I imagine, by now, that, although you may find my idea interesting, you have some questions. How do you select and verify the right peaks? How do you deliver target brand values and branded experience? Where—and to what extent—are you wasting and/or not allocating adequate resources? How do you create the optimal threshold of pain?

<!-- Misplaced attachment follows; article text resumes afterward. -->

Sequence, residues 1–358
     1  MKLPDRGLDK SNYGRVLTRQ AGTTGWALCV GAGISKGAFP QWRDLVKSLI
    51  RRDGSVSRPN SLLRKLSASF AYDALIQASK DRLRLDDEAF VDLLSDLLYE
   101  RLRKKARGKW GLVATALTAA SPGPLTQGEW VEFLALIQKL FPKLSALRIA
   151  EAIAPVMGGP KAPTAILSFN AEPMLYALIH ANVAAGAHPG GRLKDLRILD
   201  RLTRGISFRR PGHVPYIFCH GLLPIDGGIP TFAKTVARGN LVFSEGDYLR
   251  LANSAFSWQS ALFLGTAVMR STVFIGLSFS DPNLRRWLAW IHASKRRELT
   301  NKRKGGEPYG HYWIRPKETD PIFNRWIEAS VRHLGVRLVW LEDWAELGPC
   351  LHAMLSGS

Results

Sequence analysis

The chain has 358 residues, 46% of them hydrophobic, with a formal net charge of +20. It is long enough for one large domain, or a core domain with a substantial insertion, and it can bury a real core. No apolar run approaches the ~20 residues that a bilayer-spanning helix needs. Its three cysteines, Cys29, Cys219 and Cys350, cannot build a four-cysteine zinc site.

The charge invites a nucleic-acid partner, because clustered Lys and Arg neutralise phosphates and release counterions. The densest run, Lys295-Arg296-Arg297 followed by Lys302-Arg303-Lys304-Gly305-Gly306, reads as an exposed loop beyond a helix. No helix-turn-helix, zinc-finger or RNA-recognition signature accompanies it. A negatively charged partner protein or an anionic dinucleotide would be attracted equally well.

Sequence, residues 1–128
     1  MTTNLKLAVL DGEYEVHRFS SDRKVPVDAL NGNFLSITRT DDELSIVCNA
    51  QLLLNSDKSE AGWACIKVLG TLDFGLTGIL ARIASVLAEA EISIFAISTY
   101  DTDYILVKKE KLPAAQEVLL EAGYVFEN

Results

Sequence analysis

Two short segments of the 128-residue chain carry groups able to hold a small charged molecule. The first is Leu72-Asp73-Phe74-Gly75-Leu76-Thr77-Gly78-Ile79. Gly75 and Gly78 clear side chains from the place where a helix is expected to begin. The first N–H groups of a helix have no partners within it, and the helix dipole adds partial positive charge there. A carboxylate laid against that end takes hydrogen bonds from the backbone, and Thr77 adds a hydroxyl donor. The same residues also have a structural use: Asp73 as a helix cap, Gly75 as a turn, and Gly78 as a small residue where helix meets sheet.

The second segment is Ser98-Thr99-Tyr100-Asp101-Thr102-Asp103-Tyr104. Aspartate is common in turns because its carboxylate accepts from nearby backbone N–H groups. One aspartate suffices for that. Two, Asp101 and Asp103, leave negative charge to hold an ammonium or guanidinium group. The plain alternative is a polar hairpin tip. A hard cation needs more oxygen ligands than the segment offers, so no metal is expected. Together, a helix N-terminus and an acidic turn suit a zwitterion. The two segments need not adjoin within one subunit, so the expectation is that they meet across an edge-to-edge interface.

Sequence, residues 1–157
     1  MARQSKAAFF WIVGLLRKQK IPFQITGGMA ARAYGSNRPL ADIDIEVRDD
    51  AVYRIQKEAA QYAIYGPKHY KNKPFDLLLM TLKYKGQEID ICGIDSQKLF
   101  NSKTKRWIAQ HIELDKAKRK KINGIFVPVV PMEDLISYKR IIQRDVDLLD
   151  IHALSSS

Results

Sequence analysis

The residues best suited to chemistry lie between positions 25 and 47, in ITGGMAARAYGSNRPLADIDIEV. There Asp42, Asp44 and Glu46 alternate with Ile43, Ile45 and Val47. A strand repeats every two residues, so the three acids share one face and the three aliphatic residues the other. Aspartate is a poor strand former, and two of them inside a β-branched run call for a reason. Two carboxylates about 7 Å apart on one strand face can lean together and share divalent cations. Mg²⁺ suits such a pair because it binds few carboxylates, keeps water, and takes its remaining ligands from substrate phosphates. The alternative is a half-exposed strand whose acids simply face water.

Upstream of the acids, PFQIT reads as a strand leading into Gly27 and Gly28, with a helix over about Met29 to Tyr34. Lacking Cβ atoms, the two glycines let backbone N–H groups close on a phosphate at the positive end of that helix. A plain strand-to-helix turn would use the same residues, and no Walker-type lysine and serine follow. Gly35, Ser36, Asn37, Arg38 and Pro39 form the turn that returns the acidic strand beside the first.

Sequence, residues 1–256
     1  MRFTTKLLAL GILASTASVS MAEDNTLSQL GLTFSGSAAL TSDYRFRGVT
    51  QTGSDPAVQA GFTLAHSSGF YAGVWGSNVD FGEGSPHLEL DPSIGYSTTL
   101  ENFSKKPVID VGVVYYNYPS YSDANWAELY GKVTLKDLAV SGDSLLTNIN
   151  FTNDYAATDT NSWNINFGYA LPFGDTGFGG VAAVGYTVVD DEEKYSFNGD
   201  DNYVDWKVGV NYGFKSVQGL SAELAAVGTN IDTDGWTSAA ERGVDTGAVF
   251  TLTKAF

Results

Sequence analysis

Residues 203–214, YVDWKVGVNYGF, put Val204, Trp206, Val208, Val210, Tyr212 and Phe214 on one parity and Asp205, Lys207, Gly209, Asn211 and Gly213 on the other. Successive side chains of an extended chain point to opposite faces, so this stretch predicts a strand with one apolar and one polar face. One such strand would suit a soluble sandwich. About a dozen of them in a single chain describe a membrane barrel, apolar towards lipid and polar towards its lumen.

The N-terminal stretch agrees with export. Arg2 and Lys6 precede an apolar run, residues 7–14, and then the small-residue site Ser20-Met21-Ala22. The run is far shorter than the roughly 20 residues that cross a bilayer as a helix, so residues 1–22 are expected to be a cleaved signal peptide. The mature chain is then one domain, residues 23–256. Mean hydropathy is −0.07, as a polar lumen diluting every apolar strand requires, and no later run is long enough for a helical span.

You can address these concerns in systematic and quantifiable ways through branded CEM. That’s the relatively easy part: the “hands,” if you will, to evaluate, design and implement a branded experience with the assistance of the branded CEM models. The harder part is the “head.” Imagine that a call-center executive proposes creating more pain for customers by, say, increasing the queue waiting time or reducing the level of personal service way below the industry standards. In that way, the spared resources would be reallocated to create a higher level of pleasure at the peak (say, at problem solving) and, as a result, deliver a more effective (memorable) and differentiated (branded) call experience. Well, you could figure what kind of response (resistance) that executive would face. It takes a paradigm shift from “efficient” to “effective”!